Lady Gaga has the “ability to build emotional commitment” in those she leads, says Mr Reckhenrich. This ability is increasingly valuable in today’s business world, he believes. In “The Fine Art of Success”, a book he and his co-authors released last year, they examine it at length. They are now working with Egon Zehnder, an executive-recruitment firm, to figure out how to identify whether candidates for top corporate jobs have the ability to “project leadership” the way Lady Gaga does.
Charisma can be critical when a leader has to deliver an important message, whether the individual has it or not. I think former President George W. Bush demonstrated charisma when he faced the nation after 9-11, both on television from the oval office and when visiting the site of the World Trade Towers site in New York City. All eyes were on him and he delivered, as required. However, that charismatic leadership soon faded with the war in Iraq and debacle of Hurricane Katrina because the empathy, emotional connection and authenticity were AWOL. Former President Clinton has it in spades. President Obama has it and especially when he puts it to good use.
In this day and age, it is not enough for CEOs to bark orders or to manage the bottom line only. Being able to deliver meaning and purpose along with a dose of slow charisma and empathetic communications is required. It is a tall order, I know.
On my way to work today I read an article about the West Wing Week video series which I had forgotten about until now. The article is focused on Arun Chaudhary who is the White House videographer in charge of capturing the activity of the President every week. He is the first person to hold this job. There are segments that are fun, some serious and some very stately. The aim is to document the presidency for historical purposes and no doubt they will be extremely valuable 25 years from now.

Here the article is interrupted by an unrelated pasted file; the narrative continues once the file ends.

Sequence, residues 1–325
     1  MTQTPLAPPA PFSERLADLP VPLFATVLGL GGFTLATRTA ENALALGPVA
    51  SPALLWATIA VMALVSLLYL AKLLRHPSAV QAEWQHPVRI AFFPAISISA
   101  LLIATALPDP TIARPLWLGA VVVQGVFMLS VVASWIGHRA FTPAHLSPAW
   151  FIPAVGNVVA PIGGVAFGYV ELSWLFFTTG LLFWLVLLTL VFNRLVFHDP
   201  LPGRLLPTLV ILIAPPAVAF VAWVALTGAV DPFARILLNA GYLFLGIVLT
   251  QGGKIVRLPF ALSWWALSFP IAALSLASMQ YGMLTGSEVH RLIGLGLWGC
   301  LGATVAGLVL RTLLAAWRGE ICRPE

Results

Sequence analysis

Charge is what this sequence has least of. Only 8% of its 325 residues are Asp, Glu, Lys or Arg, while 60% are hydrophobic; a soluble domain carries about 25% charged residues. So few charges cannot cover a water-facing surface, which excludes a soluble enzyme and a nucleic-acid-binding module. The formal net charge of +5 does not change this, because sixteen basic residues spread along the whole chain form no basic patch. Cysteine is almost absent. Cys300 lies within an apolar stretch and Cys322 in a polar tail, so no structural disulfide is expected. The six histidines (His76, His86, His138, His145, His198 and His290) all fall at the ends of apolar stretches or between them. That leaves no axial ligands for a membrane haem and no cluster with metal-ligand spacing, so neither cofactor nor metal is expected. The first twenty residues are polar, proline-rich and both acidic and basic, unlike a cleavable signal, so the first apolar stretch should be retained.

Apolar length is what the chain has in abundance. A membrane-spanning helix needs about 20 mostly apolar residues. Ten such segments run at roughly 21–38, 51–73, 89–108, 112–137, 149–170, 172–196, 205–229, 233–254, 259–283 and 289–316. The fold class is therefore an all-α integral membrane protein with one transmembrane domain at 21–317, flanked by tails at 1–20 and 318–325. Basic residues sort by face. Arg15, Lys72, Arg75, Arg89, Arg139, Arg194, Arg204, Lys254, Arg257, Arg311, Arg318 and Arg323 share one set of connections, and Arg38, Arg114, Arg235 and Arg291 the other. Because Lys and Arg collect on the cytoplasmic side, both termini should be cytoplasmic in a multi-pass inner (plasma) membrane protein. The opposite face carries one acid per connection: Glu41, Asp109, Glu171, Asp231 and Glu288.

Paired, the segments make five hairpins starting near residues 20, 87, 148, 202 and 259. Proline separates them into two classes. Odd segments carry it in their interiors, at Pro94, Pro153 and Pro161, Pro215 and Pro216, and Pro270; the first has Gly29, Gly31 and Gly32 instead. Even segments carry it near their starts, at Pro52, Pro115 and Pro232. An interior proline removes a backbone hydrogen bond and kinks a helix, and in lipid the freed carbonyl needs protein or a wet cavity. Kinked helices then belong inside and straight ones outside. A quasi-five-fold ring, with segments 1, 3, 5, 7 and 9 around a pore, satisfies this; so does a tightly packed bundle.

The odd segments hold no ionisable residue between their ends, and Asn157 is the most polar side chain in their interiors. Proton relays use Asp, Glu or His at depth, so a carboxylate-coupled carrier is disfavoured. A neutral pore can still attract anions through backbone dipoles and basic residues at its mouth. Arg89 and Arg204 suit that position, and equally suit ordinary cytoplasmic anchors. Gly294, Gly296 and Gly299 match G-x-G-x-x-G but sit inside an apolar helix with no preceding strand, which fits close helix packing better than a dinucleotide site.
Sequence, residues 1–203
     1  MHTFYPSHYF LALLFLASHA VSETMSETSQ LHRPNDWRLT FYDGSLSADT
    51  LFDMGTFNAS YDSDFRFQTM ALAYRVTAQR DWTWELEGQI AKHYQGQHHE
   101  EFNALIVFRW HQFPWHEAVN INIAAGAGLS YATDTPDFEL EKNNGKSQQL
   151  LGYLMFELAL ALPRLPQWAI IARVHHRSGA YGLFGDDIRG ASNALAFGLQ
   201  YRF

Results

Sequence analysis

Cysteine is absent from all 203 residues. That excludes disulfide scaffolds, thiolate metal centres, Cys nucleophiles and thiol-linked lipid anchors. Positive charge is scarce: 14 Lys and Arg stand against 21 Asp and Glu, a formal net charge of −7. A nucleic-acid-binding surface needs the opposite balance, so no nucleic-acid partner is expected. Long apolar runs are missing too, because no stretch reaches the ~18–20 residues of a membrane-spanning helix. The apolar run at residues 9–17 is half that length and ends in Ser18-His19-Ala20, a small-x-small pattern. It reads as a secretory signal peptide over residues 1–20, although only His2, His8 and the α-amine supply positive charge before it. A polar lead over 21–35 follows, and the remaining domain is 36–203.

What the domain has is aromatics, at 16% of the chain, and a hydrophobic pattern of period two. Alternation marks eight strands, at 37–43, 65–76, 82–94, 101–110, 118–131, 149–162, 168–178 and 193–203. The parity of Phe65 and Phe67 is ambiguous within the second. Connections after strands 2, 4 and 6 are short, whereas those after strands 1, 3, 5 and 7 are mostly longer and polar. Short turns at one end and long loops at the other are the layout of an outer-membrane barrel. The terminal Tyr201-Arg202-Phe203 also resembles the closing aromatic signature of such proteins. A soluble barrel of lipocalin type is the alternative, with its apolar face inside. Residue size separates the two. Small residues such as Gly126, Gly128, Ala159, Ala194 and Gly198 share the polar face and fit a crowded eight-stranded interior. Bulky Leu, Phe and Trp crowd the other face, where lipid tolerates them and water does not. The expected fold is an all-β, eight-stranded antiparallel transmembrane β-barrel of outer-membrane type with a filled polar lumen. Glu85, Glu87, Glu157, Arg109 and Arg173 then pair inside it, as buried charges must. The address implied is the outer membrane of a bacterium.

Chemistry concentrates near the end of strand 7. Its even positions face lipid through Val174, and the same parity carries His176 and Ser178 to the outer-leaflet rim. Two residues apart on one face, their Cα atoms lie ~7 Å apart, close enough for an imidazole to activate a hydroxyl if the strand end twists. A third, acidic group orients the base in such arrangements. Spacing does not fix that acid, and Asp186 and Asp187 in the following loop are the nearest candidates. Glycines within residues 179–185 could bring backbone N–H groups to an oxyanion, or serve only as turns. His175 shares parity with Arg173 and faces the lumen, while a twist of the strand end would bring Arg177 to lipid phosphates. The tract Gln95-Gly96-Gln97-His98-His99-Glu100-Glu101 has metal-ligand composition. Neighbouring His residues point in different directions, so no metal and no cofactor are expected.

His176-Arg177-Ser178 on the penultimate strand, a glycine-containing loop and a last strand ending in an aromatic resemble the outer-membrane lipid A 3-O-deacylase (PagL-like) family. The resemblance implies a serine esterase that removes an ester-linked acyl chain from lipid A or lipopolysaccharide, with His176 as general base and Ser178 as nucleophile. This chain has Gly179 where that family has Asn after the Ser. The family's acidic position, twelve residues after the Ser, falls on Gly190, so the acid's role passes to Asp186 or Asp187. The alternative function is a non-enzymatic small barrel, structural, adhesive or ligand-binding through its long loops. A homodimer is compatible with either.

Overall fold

The video is approved by the White House Comms Shop (that is what they call it) before it goes live. Essentially it is what we in the comms business call “owned media.” The White House is the content provider and is sending the message of an active, friendly, presidential occupant of Pennsylvania Avenue.
What interested me after watching this week’s video was how positive the message was compared to what I tend to read in the press, online and on cable news. Most of the latter is neutral to negative. The video does a fine job of changing perception, interesting to watch (speechwriter working on board Air Force One, Michelle Obama serving food to military in Germany, Obama and his wife dancing with children in India who pull them in) and a reminder of the stateliness of the office. I get the point that it is put out by the White House but it is more reassuring than what the media delivers to us every day. In fact, it was a relief because the news can be downright depressing.
In an article I wrote on Reputation Warfare appearing in December’s Harvard Business Review, I mention the saliency of video as a way to communicate directly with stakeholders in defending and safeguarding reputation. The best reputation antagonists use video strategically, so why not the President?
Interestingly, in the article and the short video with Arun and the writer, they mention that there is tremendous interest in the West Wing Week video internally. Always a side-benefit that companies should seriously consider…..